I would learn a new language, but…
It’s time to confront that negative voice in your head and use some Kriss Akabusi-style Positive Mental Attitude.
When you hear that little voice in the back of your head saying…
I’m too old!
This is the most common misconception and one that is simply wrong.
It is doubt, rather than age itself, that is the major stumbling block for adult learners. If you get it into your head that you are too old to learn a language, you will keep on falling back on that as an excuse when something doesn’t “stick” immediately. This is bad.
The opposite is necessary for language learning; getting out there, making some mistakes and the odd grimace/flailing arms combo is the best way to advance (and measure the progress you are making).
Studies have repeatedly shown that adult learners are at no disadvantage when it comes to learning a second language. True, you are unlikely to progress to native-speaker fluency that a child could achieve, but that needn’t stop you speaking a new language at an excellent level.
I hated school.
Put your hands up if you enjoyed learning a language at school? No takers?
That’s not surprising. It can be hard to see the value of learning a new language when you are distracted by, well, everything else that goes on around that age.
But, after getting out there and seeing the world, does that second language seem like such a waste of time now? Or is it something more tangible?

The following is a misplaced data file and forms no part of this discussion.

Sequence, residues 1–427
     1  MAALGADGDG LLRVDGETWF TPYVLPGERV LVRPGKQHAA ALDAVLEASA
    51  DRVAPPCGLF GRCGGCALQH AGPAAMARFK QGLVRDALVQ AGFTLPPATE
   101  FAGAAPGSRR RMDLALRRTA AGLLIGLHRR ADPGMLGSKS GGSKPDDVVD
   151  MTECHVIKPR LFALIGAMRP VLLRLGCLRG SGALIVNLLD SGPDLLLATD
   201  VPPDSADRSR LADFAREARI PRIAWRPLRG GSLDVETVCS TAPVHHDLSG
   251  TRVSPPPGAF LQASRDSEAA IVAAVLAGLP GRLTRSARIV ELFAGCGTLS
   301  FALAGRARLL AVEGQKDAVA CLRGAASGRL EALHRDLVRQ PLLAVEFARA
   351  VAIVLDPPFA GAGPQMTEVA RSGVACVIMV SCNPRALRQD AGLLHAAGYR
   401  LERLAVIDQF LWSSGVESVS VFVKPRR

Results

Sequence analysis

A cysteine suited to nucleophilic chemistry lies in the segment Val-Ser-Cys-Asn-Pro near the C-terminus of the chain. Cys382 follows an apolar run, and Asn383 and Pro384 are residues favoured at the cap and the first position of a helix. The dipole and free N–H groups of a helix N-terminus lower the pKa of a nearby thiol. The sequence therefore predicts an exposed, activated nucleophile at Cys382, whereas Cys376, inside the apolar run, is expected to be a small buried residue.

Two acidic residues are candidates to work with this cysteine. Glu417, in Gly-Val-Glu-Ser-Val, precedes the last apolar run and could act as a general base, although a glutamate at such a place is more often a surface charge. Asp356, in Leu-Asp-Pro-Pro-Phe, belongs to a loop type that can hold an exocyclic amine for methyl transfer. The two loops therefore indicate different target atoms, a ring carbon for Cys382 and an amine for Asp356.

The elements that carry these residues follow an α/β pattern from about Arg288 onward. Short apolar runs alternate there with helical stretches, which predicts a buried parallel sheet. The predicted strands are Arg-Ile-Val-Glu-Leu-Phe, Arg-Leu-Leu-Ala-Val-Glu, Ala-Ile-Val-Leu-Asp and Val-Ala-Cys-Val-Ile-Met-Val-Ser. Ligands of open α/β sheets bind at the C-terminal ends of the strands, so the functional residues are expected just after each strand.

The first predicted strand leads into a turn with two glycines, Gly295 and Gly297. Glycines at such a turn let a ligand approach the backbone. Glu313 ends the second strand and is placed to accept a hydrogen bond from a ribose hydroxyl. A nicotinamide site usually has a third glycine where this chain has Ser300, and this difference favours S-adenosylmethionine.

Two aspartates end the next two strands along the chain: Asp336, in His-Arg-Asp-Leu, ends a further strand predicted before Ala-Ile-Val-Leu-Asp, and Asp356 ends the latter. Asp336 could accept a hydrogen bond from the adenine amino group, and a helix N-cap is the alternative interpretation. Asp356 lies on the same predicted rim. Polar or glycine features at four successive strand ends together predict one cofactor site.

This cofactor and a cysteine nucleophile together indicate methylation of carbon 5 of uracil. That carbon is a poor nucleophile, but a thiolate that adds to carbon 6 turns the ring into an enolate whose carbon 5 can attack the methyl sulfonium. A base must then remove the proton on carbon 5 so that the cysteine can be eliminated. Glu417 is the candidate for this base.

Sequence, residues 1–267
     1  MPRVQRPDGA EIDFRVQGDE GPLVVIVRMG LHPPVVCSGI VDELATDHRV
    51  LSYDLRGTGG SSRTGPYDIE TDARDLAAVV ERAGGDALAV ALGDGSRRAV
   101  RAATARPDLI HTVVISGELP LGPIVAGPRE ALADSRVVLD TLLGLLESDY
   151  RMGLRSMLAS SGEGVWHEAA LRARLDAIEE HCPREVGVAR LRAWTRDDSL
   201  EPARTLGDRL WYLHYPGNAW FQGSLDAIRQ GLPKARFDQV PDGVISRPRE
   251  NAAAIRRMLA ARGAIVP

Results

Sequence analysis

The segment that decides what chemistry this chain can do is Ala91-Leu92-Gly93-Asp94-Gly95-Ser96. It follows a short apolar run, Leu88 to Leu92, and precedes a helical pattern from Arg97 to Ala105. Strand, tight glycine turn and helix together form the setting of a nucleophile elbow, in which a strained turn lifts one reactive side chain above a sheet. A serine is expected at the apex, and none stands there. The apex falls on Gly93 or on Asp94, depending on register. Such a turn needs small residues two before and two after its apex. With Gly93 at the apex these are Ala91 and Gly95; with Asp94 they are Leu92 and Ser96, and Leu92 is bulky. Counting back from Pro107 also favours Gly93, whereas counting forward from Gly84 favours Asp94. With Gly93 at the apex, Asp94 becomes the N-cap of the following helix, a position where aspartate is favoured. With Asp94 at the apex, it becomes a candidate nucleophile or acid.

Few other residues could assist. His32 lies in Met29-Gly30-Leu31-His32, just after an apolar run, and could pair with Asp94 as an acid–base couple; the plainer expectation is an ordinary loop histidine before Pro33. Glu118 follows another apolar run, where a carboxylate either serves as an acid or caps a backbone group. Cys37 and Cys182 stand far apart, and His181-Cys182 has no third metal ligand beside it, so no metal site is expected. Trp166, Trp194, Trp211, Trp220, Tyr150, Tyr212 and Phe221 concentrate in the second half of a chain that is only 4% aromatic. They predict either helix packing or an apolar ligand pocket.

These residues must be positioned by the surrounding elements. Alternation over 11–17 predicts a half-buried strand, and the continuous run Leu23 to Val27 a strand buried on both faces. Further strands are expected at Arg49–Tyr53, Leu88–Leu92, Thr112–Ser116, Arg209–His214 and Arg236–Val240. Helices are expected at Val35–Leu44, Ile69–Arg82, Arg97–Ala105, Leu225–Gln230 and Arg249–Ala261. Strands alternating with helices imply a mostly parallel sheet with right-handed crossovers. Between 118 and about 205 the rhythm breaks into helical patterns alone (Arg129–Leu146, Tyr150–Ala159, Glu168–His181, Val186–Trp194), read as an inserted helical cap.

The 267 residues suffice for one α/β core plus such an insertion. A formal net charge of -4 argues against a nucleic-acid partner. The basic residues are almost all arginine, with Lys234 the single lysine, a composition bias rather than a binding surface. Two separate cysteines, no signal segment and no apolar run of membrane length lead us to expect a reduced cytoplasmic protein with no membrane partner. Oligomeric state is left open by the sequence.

If you didn’t enjoy language learning when you were at school, bear in mind two things. Firstly, language schools (or indeed one-to-one tuition) are nothing like learning at school was. Classes are a great chance to meet people from all over the world who are brought together by a desire to learn.
Secondly, are you the same person you were at the age of thirteen?
I can’t “do” grammar.
As Barack Obama might say, yes you can.
You just don’t realise it.
Very often, a good language teacher will teach you grammar without you even realising it. Who cares that the “ing” form of an activity (running, eating, burping, etc) is known as a “gerund”? Good to know as a teacher, no doubt, but not really relevant when you’re trying to learn a new language. You know how to use gerunds and do so every day. The same is true with adverbs, pronouns and any number of grammatical mechanisms.
Don’t let the idea of grammar put you off. Language teaching has come on a long way in recent years and the focus is very much on building confidence as opposed to learning by rote.
Everyone speaks English anyway!
Maybe in tourist destinations, but there’s a big, wide world out there.
A friend of mine works for a top consultancy firm in his industry. His firm recently lost a large potential contract with one of the largest manufacturers in his industry because they didn’t have native German speakers within the company and the client demanded this.
On a more personal level, there is no feeling like the first time you really communicate in another language. Of course it can be frustrating getting to that point, and it’s certainly a challenge, but it’s not beyond anyone.
There’s an old proverb (not an English one, it must be said) that goes, “you live a new life for every language you speak”. Are you ready to give yourself a chance?